She hated being on a train, or anything you could call a ve-hicle, including and especially her own wheelchair—the one ve-hicle she would never be without. Because not even Superman ever walked again after he fell off a horse and broke his back. Not even in the movies.
She was the last one off the train. She was always last.
The wind made sure the dirt and dust caught up to the train in the station and covered her body and the denim shorts and the black tank top above the jogging bra in soot. As the dirt and dust flew by her on the train she turned her wheelchair backwards down the stairs, Glo grabbed the handles and flipped her chair around face-front once she hit the ground.
Like a magic trick. Like she could make that wheelchair dance if she had to.
She was back in Dodge City. Back home.
Dodge City was the last place she wanted to be—the place where her own father had abused her, where she had blown it by not taking the full ride to KU for volleyball. She thought of the spike that won the state championship final—with Athena, the setter, making it easy for her the way she always did.
Glo would have lettered all four years at Kansas, probably walking away with All Big 12. She was that good: she almost certainly would have won the Big 12 title at least once and advanced to the NCAA tournament before she left Lawrence. The Big Dance. With only ten schools in the Big 12 the odds were in her favor.
But Glo had nowhere to go after she put Athena’s medal where it belonged. No way was she moving back to Dodge City now. Without her legs, she was more likely to go back to the Iraqi shitbox.
Glo had lost the use of almost everything below the waist— though at times, like now, she could still feel how much her legs hurt even though she could not feel a thing. That was something the shrinks told her to expect without telling her what to do about it.
She was new enough to this to know everyone acts as if you don’t exist in the real world of upright people because you live in the dark of the darkest night of the soul. Any way you cut it everyone looked down on you, because there was no other way to look at a person in a wheelchair. When they looked down at Glo they always looked at her legs. The way the conductor was looking down at her now.
She would have to figure out what to do with herself without the ultimate need to defend the United States of America against all enemies foreign and domestic. She no longer had a day job propping up some form of democracy or other at the point of a gun, or giving up her life for a cause, maybe even the cause of freedom in some unknowable way. She and Athena had defended democracy and they had given their lives and/or their legs. That was way more than enough.
That job was long-gone. That life was over.
And what did they have to show for it? Medals nobody cared about the moment they were pinned to your chest.
A Black conductor as old as the train pushed down on his knees to push up the stairs behind her.
“It was nothing.”
“Not to me it isn’t. Been there, done that. KO-rea.”
He tipped his hat with just a touch on the brim, the way a Sheriff might have in the Old West.
“Well, you home now,” he said.
“How can you tell?
The conductor took a long look at her.
“Where else is someone like you going to go?”
“Someone like you, you mean.”
“A veteran,” he said. “Takes some getting used to.”
“I’ve got a delivery. A medal. Then I’m out of here.”
“Someone from here I really cared about over there.”
“Sorry to hear it,” he said.
“I never did go home after the war. Never settled down anywhere. That’s why I’m on a train every day. I only feel at home when the train is moving. Because nothing feels like home. So I spend my life getting out of Dodge. And coming back. Like a yo-yo on a string.”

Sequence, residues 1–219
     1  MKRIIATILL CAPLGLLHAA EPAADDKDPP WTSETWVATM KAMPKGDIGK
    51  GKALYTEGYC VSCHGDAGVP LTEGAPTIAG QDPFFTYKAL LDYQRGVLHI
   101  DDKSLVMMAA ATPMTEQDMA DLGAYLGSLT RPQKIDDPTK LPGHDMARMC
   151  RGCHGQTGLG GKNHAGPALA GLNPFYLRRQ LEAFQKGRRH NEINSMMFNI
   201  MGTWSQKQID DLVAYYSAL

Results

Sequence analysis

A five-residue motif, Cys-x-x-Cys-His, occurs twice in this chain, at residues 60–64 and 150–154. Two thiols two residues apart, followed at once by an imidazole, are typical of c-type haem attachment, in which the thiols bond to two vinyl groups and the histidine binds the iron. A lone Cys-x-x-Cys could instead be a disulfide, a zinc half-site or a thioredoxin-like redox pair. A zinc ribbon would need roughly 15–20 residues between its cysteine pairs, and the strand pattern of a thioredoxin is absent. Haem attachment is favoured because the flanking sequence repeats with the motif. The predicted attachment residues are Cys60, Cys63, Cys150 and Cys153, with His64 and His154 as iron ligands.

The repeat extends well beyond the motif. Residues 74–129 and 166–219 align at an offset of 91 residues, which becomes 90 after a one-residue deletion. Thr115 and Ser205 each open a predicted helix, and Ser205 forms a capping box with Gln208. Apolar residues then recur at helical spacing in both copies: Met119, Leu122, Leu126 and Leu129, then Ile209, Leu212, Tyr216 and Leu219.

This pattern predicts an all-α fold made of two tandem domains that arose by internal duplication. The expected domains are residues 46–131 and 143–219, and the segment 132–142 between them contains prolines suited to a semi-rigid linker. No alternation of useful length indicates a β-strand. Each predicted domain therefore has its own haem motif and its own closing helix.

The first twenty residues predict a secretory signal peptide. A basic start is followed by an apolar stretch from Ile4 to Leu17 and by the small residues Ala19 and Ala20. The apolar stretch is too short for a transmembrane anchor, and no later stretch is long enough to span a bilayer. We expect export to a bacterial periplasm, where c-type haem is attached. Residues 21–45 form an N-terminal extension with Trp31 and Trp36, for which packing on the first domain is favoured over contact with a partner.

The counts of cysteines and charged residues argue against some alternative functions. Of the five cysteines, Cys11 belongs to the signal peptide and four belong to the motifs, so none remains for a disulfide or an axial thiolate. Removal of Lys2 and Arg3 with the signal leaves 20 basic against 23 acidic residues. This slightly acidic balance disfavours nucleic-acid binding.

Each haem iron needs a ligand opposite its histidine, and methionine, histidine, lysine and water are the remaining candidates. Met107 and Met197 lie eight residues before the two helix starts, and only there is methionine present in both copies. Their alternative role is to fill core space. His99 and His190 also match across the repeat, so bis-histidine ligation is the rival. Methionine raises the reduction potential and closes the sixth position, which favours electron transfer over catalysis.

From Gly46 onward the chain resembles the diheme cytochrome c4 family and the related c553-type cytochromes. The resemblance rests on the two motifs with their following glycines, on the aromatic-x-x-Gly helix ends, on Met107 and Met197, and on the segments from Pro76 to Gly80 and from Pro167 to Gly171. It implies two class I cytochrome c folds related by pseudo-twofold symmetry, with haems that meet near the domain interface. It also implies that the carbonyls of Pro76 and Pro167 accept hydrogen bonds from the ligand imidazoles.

“That can’t be easy.”
“Life goes on, you know,” he said. “Because it has nowhere else to go. You’ll find out when you’re ready.
“Copy that,” Glo said.
The Conductor held his salute as the Dodge City Chief started to pull away. Gloria held hers until the dust and dirt flew past her and the train left the station. She still knew how to salute, but she doubted she would ever need to again.
She lifted herself up off the chair and onto the backseat before she told the cabbie how to fold the wheelchair before he put it in the trunk.
Glo used to go all over Dodge City on her bicycle and then the old Valiant beater she loved with all her heart. Now she was back home in the wheelchair with no avoiding ramps or platforms that raise you up then let you down, or the rails in the bathroom built for what had to be done. She would have been helpless without things she never needed before, and she had never been helpless in her life, unless you counted the times when her father did what he did to her.
“Motherfucking Iraq?” the cabbie said.
The name on the license said Bernard Yakamoto. He had on wirerim glasses and a faded red KU T-shirt with a hole in the chest. His curly black hair made a halo around his face.
“Well that sucks,” he said.
The cabbie looked back at her so many times he could have been drawing her picture. She hated what was coming, but here it came. “Glo, right?”
“Guilty,” Glo said.
“Help me with the last name.”
“Scott. Like the toilet paper.”
“Those little short shorts? You girls were hot!” “Past tense,” she said.
“Sorry—that’s not what I meant. I’m sorry.”
“Liar,” Glo said. “We were so hot.”
They rode in silence. Glo closed her eyes and remembered playing Salina in the Kansas State Championship.
The noise is deafening but she is cool. Rocking. Focused on her routine. Ready to serve on match point. Swaying with the ball in her left hand—feeling fresh, strong, unstoppable.
On her jersey are the words “Red Devils.”
Glo leaps into the air and serves a bullet over the net and into the far corner. The Salina girls barely get it back. The ball floats weakly to the Dodge City side.
Her friend Franny Smart, a powerful Black girl, blocks the ball to a smaller girl with dark hair——Athena Martinez, the setter who “sets” the ball perfectly by the net. For the kill shot.